It is true that Kavanaugh’s reputation has been damaged by Blasey Ford’s allegations. Whether this damage is deserved or not has yet to be determined, and in a moral sense it is unlikely ever to be conclusively determined. It might be true that in a broad ethical sense it is almost always wrong to “rush to judgment” about people. But such an ethical norm has no legal or political standing. And the sympathy Kavanaugh might claim for himself, or might be accorded to him by his sympathizers, is simply a subjective ethical judgment. It has no binding force on the great many people, women and men, whose experience leads them to sympathize not with Kavanaugh, the rich frat boy, but with Blasey Ford, his female accuser.
More importantly, this idea that Kavanaugh’s reputation ought not to be “tainted” without “due process” — we might call this a notion of “public civility” — is utterly belied by the broader politics surrounding his very nomination.
Consider that Kavanaugh worked as Kenneth Starr’s under-laborer during the Clinton impeachment, and is known to have been involved in the spreading of vicious and unsubstantiated lies about Vince Foster and Hillary Clinton that surely smeared their reputations without recourse.
Consider that Kavanaugh has only become a Court nominee because Trump is President, and that Trump’s entire political ascendancy rests on his vicious Birtherist slanders of Barack Obama and his racist and xenophobic demonization of Mexicans and Muslims, his vilification of the press, etc. What about those smeared reputations? Kavanaugh’s current elevation rests upon them.
Consider that upon his nomination, Kavanaugh fulsomely praised Trump, declaring: “Mr. President, thank you. Throughout this process, I have witnessed firsthand your appreciation for the vital role of the American judiciary. No president has ever consulted more widely or talked with more people from more backgrounds to seek input about a Supreme Court nomination. Mr. President, I am grateful to you, and I’m humbled by your confidence in me.” In a sense, these words are simply gracious and polite. But in a deeper sense, they are an obsequious homage to a vicious man who demeans others and poisons our politics on a daily basis. Think about every awful thing that Trump has said and done. Do these things trouble Kavanaugh? Apparently not. He stands with Trump. He has only kind words for our Slanderer in Chief.
The demand that Kavanaugh is owed a “civility” that he and his political patrons regularly mock and disparage is laughable. It does not deserve to be taken seriously.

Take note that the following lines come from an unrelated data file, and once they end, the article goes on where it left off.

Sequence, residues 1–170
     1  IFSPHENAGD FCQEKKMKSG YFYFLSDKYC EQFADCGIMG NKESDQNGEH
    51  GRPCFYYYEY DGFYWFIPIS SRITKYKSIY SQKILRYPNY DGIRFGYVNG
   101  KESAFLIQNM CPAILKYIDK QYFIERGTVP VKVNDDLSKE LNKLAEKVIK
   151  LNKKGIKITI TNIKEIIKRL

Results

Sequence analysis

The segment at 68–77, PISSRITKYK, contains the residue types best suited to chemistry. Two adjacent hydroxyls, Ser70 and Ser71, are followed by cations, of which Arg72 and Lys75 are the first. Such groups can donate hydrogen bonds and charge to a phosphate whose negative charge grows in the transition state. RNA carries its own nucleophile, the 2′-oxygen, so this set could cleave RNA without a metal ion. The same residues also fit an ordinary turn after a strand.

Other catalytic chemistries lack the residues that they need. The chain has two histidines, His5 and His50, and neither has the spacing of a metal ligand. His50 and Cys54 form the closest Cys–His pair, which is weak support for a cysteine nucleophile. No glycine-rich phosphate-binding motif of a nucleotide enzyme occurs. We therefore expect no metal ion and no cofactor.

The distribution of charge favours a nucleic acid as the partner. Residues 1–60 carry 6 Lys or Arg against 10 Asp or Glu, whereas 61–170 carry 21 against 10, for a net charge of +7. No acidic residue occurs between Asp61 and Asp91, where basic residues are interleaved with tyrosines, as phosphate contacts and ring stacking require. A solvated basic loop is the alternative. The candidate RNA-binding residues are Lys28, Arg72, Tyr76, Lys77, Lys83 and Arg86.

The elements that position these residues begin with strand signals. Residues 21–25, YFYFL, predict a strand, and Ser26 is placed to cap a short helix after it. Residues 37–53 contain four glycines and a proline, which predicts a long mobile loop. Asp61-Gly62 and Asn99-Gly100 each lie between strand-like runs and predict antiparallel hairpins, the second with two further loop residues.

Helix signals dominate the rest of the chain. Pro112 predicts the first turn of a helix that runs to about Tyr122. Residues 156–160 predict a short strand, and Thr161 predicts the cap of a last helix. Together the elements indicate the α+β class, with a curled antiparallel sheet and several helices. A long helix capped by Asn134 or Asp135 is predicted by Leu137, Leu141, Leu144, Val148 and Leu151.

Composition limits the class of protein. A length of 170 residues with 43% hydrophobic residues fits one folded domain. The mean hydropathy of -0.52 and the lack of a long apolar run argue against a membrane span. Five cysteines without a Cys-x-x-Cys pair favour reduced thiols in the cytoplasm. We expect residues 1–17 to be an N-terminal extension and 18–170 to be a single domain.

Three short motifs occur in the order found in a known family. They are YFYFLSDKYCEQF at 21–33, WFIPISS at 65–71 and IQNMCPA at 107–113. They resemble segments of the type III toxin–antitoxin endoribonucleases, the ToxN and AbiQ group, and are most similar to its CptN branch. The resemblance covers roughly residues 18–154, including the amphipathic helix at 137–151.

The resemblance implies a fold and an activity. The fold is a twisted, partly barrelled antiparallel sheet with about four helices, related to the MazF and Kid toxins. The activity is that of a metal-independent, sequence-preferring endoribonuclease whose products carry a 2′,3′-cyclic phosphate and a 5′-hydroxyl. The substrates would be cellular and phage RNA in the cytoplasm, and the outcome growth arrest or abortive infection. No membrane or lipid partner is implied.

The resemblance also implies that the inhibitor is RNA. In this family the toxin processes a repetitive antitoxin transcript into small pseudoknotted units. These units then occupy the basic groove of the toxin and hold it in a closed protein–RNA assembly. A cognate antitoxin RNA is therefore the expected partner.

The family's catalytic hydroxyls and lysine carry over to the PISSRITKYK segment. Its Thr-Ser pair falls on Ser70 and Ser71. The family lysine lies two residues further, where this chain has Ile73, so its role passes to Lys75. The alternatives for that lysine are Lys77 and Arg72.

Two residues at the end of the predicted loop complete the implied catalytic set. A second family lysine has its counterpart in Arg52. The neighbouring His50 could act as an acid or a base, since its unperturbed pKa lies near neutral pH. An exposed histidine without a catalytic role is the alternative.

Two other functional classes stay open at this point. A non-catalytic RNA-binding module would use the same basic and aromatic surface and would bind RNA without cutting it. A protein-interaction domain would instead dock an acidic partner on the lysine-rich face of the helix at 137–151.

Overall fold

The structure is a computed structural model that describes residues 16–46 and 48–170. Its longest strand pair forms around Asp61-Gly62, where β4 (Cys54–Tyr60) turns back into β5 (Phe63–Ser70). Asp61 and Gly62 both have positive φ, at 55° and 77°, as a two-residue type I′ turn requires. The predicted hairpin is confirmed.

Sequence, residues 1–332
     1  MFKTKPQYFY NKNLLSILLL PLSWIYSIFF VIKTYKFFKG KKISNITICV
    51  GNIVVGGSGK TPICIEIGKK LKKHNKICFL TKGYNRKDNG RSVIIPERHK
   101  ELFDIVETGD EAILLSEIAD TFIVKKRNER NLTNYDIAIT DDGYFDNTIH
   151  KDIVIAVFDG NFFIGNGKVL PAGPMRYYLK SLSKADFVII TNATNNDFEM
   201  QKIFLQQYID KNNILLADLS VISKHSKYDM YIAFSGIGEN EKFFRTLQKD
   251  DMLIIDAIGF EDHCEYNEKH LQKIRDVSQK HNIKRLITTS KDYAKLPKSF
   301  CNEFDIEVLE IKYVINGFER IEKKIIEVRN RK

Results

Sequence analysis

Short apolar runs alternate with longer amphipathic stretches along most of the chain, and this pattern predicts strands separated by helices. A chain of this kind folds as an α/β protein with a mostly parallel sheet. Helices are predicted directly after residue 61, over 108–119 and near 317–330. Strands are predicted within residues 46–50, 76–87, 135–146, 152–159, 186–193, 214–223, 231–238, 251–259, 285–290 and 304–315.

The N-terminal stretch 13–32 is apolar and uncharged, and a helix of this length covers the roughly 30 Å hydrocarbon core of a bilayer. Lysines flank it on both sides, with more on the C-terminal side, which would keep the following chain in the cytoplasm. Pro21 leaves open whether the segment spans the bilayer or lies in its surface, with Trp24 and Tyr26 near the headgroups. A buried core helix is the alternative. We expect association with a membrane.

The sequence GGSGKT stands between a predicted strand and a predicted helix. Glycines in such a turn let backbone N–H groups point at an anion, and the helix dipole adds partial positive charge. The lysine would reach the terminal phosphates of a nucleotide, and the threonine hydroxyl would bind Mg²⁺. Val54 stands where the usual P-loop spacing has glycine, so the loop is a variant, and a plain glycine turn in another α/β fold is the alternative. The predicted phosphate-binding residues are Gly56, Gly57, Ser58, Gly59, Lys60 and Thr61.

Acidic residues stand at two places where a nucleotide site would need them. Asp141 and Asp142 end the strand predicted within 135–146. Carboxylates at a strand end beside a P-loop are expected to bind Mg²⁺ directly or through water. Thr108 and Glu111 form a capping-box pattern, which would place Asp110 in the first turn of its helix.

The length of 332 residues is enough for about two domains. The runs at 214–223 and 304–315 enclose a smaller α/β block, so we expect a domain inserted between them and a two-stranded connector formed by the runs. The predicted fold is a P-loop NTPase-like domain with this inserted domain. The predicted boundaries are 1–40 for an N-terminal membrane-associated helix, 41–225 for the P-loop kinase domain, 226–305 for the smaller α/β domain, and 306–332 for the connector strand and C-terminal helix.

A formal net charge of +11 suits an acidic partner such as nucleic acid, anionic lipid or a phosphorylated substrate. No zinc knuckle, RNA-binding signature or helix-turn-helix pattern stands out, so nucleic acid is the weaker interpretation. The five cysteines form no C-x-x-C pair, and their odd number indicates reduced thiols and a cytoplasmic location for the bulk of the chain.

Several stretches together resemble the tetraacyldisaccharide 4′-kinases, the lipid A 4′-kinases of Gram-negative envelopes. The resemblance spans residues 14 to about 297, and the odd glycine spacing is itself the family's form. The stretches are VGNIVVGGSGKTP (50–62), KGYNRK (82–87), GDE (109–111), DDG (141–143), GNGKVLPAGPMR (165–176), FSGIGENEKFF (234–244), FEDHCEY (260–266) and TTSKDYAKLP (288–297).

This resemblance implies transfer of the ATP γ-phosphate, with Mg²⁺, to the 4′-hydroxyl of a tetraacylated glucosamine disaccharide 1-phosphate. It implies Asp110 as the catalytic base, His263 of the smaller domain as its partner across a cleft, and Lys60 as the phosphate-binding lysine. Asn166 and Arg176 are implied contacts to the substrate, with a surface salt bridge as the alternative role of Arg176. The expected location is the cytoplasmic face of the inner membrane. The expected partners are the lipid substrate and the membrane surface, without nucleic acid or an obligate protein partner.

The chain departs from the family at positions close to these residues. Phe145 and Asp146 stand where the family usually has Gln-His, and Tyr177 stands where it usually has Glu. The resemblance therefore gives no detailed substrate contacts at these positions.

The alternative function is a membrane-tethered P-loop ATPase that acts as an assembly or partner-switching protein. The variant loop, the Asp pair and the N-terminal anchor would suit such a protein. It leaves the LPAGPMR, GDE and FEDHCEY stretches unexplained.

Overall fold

Kavanaugh, strictly speaking, is owed nothing by anyone.
He is free to walk away at any time, with his federal judge robe and job and title and his wealth and his political connections and the adulation of his right-wing fans. Let him go.
What is Professor Blasey Ford owed? This seems more complicated to me.
First, as a private citizen she is obviously entitled to the protection of the law. If she is currently the subject of death threats, then she is entitled to police protection and to a serious investigation of the threats. More importantly in this case, as a woman who alleges that she was the victim of a sexual assault, she is entitled to have her allegations taken seriously by the criminal justice system. There are, obviously, statutes of limitations for many crimes. It would also appear that in the state of Maryland there is no statute of limitations for the crime of rape or attempted rape. Blasey Ford thus has the right to file her charges with the relevant police agencies, and to expect there to be a serious investigation of the allegations; a fair consideration of prosecution; and the due process that is owed all crime victims according to standard practices of criminal justice (which also involve rights of the accused). All victims of sexual assault have this right.
One of the great achievements of #MeToo is that it has brought to the fore the ways that our legal system does not treat these crimes with due seriousness and does not treat their victims with sufficient respect.
Blasey Ford, like all people who come forward with allegations of assault, has a right to seek criminal justice.
And yet she has not (yet) chosen to exercise this right. And the current controversy is not a controversy about criminal charges (even if Trump seeks to slander her by casting aspersions on her reluctance years ago to file attempted rape charges).